Coil, a new company founded by Stefan Thomas, Ripple's former chief technology officer, has launched a closed beta.
The project – which aims to enable web content creators to better monetize their work – was announced in May when Thomas started Ripple. In an interview, Thomas detailed the closed beta, describing the initiative as a way to level the playing field for content creators.
"If you're big, you can have a subscription service like Netflix or Spotify – you can collect enough data on people to make a lot of money with ads like Facebook or Google," he said, adding:
"If you're small , at the moment it is very difficult to make money on the web ".
Coil did not announce the beta publicly, Thomas said, even though he started inviting some selected parties (interested parties can register here).
So far, few websites have joined the platform, he continued, underlining that "we have made some passive integrations with some sites like Wikipedia, Youtube, Twitch."
While in Ripple, Thomas created in collaboration Interledger, a interoperability protocol which facilitates payments on different networks. This technology, which is open source, is now used as the basis for Coil.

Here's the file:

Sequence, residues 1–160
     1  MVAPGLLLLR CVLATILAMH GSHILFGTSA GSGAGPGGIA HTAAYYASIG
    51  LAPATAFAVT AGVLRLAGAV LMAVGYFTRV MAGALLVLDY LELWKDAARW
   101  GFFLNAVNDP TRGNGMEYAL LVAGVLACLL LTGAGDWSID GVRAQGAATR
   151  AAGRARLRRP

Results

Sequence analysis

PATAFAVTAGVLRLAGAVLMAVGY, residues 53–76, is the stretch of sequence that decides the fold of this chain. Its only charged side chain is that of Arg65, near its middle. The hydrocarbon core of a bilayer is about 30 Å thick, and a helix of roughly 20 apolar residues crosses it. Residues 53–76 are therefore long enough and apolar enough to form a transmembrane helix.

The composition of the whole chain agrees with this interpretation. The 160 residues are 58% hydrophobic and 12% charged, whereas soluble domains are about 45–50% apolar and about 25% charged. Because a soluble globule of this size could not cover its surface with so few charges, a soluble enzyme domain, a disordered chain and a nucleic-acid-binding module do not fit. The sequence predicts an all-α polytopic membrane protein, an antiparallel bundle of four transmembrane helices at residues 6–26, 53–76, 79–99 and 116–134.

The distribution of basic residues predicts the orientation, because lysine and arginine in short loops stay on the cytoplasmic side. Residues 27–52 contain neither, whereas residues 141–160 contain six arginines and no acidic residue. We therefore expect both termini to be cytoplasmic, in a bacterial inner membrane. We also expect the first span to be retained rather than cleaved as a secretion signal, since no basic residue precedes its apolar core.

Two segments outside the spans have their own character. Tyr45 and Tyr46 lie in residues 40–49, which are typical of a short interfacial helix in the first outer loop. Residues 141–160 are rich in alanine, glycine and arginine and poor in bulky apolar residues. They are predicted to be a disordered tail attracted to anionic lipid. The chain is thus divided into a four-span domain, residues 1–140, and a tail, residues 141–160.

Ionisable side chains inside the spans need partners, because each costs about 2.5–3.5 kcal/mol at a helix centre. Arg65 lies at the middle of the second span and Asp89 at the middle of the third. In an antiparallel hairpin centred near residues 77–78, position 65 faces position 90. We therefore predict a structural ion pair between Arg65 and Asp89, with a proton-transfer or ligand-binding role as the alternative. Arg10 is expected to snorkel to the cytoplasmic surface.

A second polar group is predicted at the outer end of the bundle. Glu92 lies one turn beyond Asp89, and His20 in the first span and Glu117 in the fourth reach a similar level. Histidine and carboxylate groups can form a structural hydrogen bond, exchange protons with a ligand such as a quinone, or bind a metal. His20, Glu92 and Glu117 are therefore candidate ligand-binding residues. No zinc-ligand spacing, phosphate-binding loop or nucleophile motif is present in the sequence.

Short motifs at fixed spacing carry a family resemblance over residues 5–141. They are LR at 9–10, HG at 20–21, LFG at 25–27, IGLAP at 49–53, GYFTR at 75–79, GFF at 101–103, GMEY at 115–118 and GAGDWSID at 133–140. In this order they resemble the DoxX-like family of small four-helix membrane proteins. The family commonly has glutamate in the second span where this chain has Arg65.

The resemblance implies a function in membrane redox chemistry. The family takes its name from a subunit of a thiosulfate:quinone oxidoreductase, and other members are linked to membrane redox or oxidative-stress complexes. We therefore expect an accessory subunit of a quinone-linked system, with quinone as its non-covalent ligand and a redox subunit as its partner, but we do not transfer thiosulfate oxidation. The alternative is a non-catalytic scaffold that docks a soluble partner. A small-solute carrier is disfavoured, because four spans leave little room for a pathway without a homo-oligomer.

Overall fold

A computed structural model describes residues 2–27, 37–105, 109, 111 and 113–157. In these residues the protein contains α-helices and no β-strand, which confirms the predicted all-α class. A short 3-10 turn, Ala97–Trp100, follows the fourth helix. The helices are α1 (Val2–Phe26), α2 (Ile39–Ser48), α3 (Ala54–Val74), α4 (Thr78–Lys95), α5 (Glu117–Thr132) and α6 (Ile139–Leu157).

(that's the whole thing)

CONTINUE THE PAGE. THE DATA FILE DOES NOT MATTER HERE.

Thomas also helped create Codius, an intelligent contracting platform developed by Ripple, but which was eventually closed in 2015 due to technological challenges and lack of convincing use cases. In June, however, Thomas revealed that Codius would be incorporated into the coil.
The reel allows readers, observers and listeners to compensate content creators via micropayments. It is a model that has been tried several times in the industry, including the browser-focused Brave startup, which raised $ 35 million in an ICO last year. Thomas also mentioned Patreon and Flattr, but emphasized an important aspect that distinguishes the reel.
With Coil, he said, "you get paid in real time", allowing content creators to explore new business models.
it is now possible to create a service in which perhaps it is necessary to rent a server for each user that arrives ", he explained, adding that other possibilities include downloading or uploading a file, sending a text message or streaming music that triggers a license fee.  "The website gets the money instantly while you're on the website, so that they can actually react and provide extra services," Thomas said, concluding:
"It's never been possible before, so we're excited about
Coil image by Guillaume de Germain via Unsplash